Rejuvenate with Food

Posted: 28th February 2012 by E.J. Reeves in diet, lifestyle
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Inactivity, along with poor diet, are largely responsible for pre-mature aging of our bodies.  Hormonal production during puberty, and for half a dozen years after, is almost unaffected by poor food choices or inactivity.  That is why we cannot see the correlation of inactivity with poor diet as major contributors to aging.  Not until we approach our forties do these truths begin to convince us that exercise and diet are so crucial to health and well being.

Overeating causes our bodies to respond negatively, producing hormones that are responsible for fat storage and negating production of rejuvenating hormones like growth hormones or testosterone.  The interplay between exercise and diet is a critical union that needs to be choreographed.

What do we know for sure?

  1.  We eat too much—excessive calories.
  2. We eat too large a meal at most sittings—binging, 2nd helpings.
  3. We eat poor quality, fast, saturated fat foods—fried fast foods.
  4. We eat for taste and emotional comfort—pleasure and emotion dictate our appetite.
  5. We do not see the link between health and diet or performance with food—nutrient content is ignored when making food choices.

What is the easiest way to start the change to a healthy, performance enhancing, rejuvenating, hormone producing diet?

  1.  Eat less calories—smaller portions, baked vs. fried foods, less saturated fat.
  2. Eat more often—nutritious snacks every 3 hours can replace some meals.  Planned meals with lean meat, raw vegetables, and low glycemic carbohydrates.
  3. Eat more fresh fruit & vegetables—put on your grocery list fresh berries, cauliflower, broccoli, spinach, brussel sprouts, asparagus spears etc…  Eat your strawberries, blueberries, raspberries raw and your vegetables raw.  When you cook your fruits and veggies you lose a lot of vital nutrients.  Instead of salad dressing, use lemon juice on your salads.
  4. Eat more intelligently by planning your meals from the grocery store to the dinner plate.  Have at least the next 2 nutritious meals planned before hand.  Balance lean protein with fibrous carbohydrates (vegetables) along with a small portion of starchy carbs.  Reduce the use of fats like butter, sour cream and creamed sauces.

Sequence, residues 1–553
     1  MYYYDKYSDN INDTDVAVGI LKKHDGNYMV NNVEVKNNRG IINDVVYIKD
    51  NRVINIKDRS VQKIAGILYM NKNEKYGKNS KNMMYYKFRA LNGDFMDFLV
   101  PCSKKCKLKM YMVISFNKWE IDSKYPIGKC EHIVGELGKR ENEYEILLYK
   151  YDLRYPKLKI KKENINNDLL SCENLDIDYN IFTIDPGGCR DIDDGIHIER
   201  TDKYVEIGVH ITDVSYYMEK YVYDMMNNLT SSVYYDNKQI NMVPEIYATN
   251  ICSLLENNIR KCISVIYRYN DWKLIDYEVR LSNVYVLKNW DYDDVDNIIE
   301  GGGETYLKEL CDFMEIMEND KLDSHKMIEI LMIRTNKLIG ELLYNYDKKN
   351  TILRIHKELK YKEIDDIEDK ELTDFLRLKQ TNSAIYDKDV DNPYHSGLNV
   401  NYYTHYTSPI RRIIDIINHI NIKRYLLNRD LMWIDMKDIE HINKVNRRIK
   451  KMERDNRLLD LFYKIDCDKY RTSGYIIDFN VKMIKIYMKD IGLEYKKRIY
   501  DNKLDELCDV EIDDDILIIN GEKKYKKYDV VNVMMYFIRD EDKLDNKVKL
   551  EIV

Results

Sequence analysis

5. Train your taste buds to enjoy, even relish good food.  Try to recognize the subtle flavors’ of a variety of vegetables devoid of creamy sauces and fats that mask everything into a gravy of artery clogging, fat laden stew.  Every meal can be a discovery of nutritious foods.

The short course on a quasi-nutritious meal.

  1.  Take one fast food “meal”.
  2. Add one apple for desert.
  3. Replace the over sugared, caffeinated drink with mineral water.
  4. Save some of the frozen, deep fried French fries for your dog. (don’t let the Humane Society know!)
  5. Take half of the bun to scrape off the condiments (discard this discreetly) and eat the patty and the other half of the bun.

There it is, limited bodily damage plus hydration, fiber and vitamins.

What most people need to do to for a nutritious healthy diet!

  1.  Do your own grocery shopping.
  2. Do some cooking.
  3. Read product labels (sodium content, calories, fat, sugar, preservatives, expiration dates etc…)
  4. Avoid any food that makes you hit the couch within an hour of eating it.
  5. Not eating while watching television!  You need to think on what, why and how much you are eating.

What most people should not do for a nutritious diet!

  1.  Buy diet food or drinks.
  2. Buy a diet program or book.
  3. Buy meal replacement shakes.
  4. Buy meal replacement bars.
  5. Buy any packaged food that could be used for Halloween treats for kids.

The golden rule of good food—“If you do not have to peel it, wash it, refrigerate it or throw it out within a week of bringing it home…….it is not likely good food”

These are just some basic thoughts of food that can rejuvenate, rather than degenerate our bodies.

  1. Hayden says:

    E.J. A very sensible post! Eating out is a real “mine-field”. I could not help but laugh at your description of how to survive a fast food “meal”.
    I just finished a lunch of; 1/2 cup of chopped chicken breast, mixed with a Tablespoon of mustard, a Tablespoon of hot sause, two Tablespoons of salsa, mixed with 1/4 cup of bran (yes, I do this!), and heated thoroughly. Along with this was chopped cucumber, tomato, and organic celery salad (about two cups ) with Balsamic vinigar as dressing. Yes! It was very good and I was looking forward to it after my morning workout of Dips and some Ab work.
    The raw veggies taste to me ( as you also say ) like candy. So sweet and good. It is worth developing the SKILL of shopping for high quality, muscle and strength building foods. It will pay off!
    Thanks for another GOOD post. Hayden

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